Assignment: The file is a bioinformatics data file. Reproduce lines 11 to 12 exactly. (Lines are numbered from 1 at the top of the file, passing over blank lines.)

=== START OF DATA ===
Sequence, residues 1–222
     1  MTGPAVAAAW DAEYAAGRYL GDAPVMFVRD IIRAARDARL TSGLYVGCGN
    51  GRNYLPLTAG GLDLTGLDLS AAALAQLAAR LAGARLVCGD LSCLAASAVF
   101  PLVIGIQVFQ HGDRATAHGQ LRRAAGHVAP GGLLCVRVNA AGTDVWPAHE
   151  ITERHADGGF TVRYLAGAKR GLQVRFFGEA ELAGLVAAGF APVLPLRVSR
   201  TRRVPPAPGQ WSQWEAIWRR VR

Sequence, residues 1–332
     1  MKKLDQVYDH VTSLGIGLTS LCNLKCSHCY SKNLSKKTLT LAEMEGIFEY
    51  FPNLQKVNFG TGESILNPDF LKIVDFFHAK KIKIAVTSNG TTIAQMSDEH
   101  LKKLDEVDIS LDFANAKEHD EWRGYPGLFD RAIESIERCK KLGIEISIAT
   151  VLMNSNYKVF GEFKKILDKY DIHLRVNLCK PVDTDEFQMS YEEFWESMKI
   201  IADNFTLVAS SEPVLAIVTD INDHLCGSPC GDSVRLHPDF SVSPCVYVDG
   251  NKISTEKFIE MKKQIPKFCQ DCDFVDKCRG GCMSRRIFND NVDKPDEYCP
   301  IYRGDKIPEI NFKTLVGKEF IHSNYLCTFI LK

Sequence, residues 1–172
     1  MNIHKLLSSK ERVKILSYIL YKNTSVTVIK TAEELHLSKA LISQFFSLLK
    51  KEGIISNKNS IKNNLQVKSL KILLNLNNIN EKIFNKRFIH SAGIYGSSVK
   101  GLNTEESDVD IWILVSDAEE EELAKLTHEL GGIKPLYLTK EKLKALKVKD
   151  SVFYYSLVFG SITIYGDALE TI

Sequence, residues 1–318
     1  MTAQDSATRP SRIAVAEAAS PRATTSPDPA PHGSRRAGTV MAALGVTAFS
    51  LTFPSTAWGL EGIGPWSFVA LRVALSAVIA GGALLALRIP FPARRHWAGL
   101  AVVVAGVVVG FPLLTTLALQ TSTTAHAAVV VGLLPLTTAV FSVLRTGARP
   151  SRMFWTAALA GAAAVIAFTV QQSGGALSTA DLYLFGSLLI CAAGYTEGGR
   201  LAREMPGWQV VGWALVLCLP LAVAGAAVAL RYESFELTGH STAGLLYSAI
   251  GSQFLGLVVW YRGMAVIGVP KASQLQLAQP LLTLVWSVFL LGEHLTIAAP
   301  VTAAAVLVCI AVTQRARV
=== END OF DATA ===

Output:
   151  VLMNSNYKVF GEFKKILDKY DIHLRVNLCK PVDTDEFQMS YEEFWESMKI
   201  IADNFTLVAS SEPVLAIVTD INDHLCGSPC GDSVRLHPDF SVSPCVYVDG